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Experiential Self-Consciousness: Rationalism about the Value and Content of Experience.

de Bruijn, David (2017) Experiential Self-Consciousness: Rationalism about the Value and Content of Experience. Doctoral Dissertation, University of Pittsburgh.

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Abstract

In having a visual experience, we can come to know facts of at least two kinds: facts about our environment (“there is a red cup before me”), and facts about ourselves (“I am having an experience as of a red cup”). How do these types of knowledge—perceptual knowledge and perceptual self-knowledge—relate?

For a certain type of rationalist a visual experience is identical with a form of self-awareness of the relevant visual experience. For you to be aware of having an experience E is nothing over and above you having E. Specifically, the rationalist holds that this fact is grounded in the way a capacity for thought expresses itself in experience as what I call experiential self-consciousness.

I argue that this form of rationalism provides a novel way of approaching critical debates about visual experience, including the structure of perceptual representation and the grounds for perceptual knowledge. In experience things can self-consciously look to the subject to be specifically thinkable ways: the way experience makes things look to the rational subject can, in part, be expressed through the sort of contents experience makes it available for the subject to think. Moreover, in experience the objects of perceptual knowledge can be self-consciously present to the subject. I argue this type of perceptual presence supports a novel, non-evidentialist internalism about perceptual knowledge and justification. Moreover, I suggest rationalism illuminates an association between experience bearing representational content and a type of self-conscious experiential unity.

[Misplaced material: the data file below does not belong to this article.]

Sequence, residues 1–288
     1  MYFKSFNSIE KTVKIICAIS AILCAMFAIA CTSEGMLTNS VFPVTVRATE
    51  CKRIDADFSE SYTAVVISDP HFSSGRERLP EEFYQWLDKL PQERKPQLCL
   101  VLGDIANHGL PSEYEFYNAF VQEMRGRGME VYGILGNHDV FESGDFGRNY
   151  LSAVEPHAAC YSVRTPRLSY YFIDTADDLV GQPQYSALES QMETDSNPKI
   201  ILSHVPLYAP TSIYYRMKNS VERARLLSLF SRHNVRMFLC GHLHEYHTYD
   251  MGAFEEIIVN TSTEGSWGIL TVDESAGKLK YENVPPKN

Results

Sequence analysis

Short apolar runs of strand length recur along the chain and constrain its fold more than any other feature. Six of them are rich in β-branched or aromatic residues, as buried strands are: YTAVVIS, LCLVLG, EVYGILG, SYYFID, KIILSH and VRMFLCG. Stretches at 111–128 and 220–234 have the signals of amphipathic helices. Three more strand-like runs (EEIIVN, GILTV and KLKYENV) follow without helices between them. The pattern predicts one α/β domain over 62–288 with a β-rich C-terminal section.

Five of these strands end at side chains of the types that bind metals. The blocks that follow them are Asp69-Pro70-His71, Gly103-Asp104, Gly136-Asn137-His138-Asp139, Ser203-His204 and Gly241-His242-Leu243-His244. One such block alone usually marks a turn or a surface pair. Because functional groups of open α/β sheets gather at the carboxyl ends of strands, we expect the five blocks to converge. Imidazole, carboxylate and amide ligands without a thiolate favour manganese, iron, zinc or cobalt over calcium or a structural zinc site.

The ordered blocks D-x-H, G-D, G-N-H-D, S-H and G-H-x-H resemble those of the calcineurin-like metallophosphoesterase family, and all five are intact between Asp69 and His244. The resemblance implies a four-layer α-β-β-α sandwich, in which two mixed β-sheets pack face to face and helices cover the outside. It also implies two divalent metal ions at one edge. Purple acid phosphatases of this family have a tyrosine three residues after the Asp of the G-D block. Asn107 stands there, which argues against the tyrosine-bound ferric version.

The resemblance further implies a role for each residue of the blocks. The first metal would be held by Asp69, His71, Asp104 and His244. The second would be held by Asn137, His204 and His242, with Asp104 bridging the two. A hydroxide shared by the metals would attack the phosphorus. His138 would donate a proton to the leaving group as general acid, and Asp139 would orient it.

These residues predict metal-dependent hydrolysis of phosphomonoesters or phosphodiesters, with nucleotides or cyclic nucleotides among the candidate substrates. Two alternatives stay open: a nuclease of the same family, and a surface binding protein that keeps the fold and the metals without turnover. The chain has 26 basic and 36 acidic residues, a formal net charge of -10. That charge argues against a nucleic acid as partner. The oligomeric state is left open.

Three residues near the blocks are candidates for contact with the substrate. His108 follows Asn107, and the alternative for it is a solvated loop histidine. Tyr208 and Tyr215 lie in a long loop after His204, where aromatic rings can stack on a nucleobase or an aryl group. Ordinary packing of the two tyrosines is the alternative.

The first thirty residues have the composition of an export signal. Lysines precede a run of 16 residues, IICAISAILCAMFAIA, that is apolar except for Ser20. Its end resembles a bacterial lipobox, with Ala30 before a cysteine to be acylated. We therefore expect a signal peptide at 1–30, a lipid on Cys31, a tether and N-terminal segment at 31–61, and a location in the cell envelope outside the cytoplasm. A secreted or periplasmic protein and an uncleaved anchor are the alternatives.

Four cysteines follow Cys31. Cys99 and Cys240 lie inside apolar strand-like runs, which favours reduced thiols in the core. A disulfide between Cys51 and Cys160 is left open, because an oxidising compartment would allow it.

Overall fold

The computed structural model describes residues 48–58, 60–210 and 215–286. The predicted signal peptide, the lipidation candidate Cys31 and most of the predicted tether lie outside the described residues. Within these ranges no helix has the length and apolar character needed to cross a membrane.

I also spend significant time placing rationalism in its historical context, specifically a broadly Leibnizian theme running through Kant’s views on experience. I argue that placing a type of rationalism central to a reading of Kant allows us to (i) appreciate the way Kantian intuitions (Anschauungen) are conceptual and yet non-judgmental representations; (ii) see the way sensations (Empfindungen) figure in Kant’s thinking merely as abstractions from self-conscious states; and (iii) read the Paralogisms chapter of the Critique of Pure Reason as consistent with Kant holding a substantial conception of the thinking and perceiving subject.


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Details

Item Type: University of Pittsburgh ETD
Status: Published
Creators/Authors:
CreatorsEmailPitt UsernameORCID
de Bruijn, Daviddmd55@pitt.edudmd550000-0002-6565-0341
ETD Committee:
TitleMemberEmail AddressPitt UsernameORCID
Committee CoChairMcDowell, Johnjmcdowel@pitt.edujmcdowel
Committee CoChairEngstrom, Stephenengstrom@pitt.eduengstrom
Committee MemberGupta, Anilagupta@pitt.eduagupta
Committee MemberWu, Waynewaynewu@andrew.cmu.edu
Date: 8 October 2017
Date Type: Publication
Defense Date: 17 July 2017
Approval Date: 8 October 2017
Submission Date: 11 August 2017
Access Restriction: No restriction; Release the ETD for access worldwide immediately.
Number of Pages: 264
Institution: University of Pittsburgh
Schools and Programs: Dietrich School of Arts and Sciences > Philosophy
Degree: PhD - Doctor of Philosophy
Thesis Type: Doctoral Dissertation
Refereed: Yes
Uncontrolled Keywords: Perceptual Experience, Representationalism, Self-Consciousness, Kant, Rationalism, Leibniz,
Date Deposited: 09 Oct 2017 00:57
Last Modified: 09 Oct 2017 00:57
URI: http://d-scholarship.pitt.edu/id/eprint/33080

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